DENVER, CO., February 12 (IPS) – The United Nations celebrates World Radio Day on February 13, Jessica Love is Executive Director of AfricaAid, which supports robust, locally-led mentorship initiatives that instill confidence, improve academic and health outcomes, and advance socially responsible leadership skills. Find out more at AfricAid.org. Last fall, 45-year-old Musa, a father of four, turned on the radio at his home in Arusha, Tanzania. While searching for his favorite station, he heard the presenter of a program about girls that he later described as “striking”. He wanted to know what would happen next.
He stumbled upon “Safari ya Binti” (A Girl’s Journey), an experimental radio program created by GLAMI (Girls’ Livelihoods and Counseling Initiative), a Tanzanian nongovernmental organization that runs extracurricular mentoring programs for high school girls.
In a culture that often reinforces the narrative that girls are weak, are less important than boys, and that confidence and determination are rude, GLAMI is working to turn this narrative on its head. By matching girls with university-educated Tanzanian mentors, GLAMI shows its students that they have the power to write their own futures – and then teach the skills to do so.
“I realized that girls are capable of doing what boys can do, and there is no limit to what they can do. I noticed this by listening to the testimonies of the girl in the sessions.” He was not alone in experiencing this shift in position. GLAMI found that a number of participants in other focus groups have also experienced significant changes in the way they view their girls, and in the way girls view themselves. “I had doubts that women could be leaders, but I am now starting to believe that girls are born leaders. I even began to see that my wife is capable of making huge decisions for the well-being of the family,” said Balongo, father of a GLAMI scientist, who listened. To the radio program. Nengarivo, registered in the GLAMI mentorship program, shared, “There were times after the school opened when I thought the world was coming to an end. Coronavirus was a threat, and I had a lot of dreams that I wanted to fulfill, but the coronavirus outbreak made me lose a lot of Hopes due to the fact that our guides only visited us twice a month, contrary to their usual schedule.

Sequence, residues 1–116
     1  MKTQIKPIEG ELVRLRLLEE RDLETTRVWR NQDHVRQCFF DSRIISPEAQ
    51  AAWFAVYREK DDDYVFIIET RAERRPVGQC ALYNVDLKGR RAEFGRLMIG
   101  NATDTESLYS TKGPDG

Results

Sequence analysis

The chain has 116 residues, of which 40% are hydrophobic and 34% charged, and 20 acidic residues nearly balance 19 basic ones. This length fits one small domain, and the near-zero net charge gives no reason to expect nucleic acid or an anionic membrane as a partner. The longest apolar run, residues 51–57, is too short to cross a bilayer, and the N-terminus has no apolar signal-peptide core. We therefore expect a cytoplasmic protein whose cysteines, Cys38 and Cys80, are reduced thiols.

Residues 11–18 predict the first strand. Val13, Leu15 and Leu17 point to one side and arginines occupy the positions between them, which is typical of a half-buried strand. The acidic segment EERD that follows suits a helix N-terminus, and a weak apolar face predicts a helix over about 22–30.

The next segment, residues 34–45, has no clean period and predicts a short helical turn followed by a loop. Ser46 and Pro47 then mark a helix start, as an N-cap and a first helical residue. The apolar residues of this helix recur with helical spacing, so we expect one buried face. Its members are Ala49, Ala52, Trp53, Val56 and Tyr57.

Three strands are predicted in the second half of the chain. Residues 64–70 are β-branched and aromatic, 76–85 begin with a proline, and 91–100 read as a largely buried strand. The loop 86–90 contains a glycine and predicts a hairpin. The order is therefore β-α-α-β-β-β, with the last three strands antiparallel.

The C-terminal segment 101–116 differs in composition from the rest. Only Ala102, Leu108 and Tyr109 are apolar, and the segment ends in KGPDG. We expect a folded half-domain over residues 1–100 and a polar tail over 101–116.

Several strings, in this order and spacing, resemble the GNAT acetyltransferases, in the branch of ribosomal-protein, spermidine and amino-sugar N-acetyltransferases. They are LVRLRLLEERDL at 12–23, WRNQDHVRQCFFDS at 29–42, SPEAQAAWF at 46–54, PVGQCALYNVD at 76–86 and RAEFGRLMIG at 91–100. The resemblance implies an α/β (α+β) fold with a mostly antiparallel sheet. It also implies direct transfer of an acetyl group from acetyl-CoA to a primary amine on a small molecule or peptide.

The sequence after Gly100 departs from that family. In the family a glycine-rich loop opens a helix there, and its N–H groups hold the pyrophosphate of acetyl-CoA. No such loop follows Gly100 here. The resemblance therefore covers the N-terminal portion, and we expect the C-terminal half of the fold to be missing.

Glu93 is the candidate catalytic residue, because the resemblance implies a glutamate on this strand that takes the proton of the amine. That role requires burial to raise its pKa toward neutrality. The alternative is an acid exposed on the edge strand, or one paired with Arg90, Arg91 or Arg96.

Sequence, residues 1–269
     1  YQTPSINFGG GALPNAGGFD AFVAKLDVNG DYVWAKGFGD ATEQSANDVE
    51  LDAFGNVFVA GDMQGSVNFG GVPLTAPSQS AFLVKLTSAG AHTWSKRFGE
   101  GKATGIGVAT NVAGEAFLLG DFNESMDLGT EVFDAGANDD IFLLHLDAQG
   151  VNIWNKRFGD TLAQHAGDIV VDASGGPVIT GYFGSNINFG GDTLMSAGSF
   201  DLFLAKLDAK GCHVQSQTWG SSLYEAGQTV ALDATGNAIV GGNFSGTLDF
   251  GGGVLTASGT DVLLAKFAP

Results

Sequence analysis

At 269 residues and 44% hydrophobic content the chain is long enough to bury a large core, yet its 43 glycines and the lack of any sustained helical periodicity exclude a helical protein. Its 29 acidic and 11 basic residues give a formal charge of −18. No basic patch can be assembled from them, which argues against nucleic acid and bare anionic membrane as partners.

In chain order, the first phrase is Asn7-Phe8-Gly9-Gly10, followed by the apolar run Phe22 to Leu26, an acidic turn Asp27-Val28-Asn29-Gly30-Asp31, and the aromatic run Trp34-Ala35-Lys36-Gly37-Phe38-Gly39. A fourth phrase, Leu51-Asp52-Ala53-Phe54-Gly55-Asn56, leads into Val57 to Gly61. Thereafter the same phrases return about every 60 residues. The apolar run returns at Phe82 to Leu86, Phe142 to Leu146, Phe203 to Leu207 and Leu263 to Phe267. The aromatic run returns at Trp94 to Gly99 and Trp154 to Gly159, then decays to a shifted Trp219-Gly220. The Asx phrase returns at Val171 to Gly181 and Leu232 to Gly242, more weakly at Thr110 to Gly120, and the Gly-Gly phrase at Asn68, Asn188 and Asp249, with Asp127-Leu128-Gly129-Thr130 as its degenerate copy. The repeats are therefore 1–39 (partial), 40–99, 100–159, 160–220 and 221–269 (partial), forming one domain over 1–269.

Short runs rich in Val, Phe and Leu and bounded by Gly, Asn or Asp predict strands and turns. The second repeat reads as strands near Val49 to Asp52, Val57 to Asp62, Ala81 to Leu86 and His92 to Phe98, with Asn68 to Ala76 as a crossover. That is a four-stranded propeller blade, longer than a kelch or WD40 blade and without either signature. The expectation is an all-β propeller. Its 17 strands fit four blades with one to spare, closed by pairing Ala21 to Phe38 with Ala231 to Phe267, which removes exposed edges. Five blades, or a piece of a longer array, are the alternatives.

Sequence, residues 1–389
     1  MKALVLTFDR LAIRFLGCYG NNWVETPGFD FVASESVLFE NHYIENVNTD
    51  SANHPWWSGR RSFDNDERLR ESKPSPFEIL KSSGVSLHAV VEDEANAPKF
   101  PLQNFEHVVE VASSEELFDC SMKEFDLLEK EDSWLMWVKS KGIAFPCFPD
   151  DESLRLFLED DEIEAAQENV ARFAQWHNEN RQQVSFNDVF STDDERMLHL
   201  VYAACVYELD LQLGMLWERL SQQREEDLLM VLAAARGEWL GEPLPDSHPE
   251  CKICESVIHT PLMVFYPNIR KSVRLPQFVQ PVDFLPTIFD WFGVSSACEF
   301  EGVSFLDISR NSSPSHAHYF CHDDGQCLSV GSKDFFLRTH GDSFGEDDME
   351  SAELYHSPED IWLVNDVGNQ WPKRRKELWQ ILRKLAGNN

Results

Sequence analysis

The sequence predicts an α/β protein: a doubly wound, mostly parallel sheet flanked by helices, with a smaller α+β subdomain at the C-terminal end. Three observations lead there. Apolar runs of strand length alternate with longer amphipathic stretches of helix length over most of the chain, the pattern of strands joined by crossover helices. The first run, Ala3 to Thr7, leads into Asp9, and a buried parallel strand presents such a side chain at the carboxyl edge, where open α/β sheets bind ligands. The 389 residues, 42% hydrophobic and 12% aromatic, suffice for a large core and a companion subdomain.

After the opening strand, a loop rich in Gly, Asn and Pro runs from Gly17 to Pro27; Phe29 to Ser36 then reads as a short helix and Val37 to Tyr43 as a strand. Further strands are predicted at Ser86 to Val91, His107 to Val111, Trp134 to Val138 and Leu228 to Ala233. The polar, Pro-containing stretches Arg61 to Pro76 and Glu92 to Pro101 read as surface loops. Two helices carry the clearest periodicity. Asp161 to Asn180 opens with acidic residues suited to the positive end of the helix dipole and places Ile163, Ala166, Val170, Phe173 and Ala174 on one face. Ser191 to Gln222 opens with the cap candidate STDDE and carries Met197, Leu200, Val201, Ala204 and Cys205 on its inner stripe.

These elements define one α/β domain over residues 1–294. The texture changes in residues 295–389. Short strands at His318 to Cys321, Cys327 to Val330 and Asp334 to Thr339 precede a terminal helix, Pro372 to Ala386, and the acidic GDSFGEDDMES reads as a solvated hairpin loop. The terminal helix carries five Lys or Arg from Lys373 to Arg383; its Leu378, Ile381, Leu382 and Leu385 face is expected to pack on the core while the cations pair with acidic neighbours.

But when Safari ya Binti came, I was really excited to start over and get my hopes up again. … I consider myself a change-maker and I think I’m a leader, and I’m not afraid of taking any action to save my community. ”This year, the United Nations World Radio Day celebrates development, innovation and communication at a time when radio has provided perhaps one of the most important lifeblood of recent memory. From organizations, radio was an opportunity.
Creative radio-inspired styles like Safari ya Binti. Radio enables organizations to stay in contact with the communities they serve from a safe distance. Radio provided the opportunity to reach wider audiences with messages that inspired, informed, and changed attitudes. The only downside to the radio? “I hope everything that was discussed will be repeated so that new listeners can learn everything,” said Lillian, the mother of a girl on the GLAMI program.
A promotional video link created for the program: https://youtu.be/z8yAyh3qlY0
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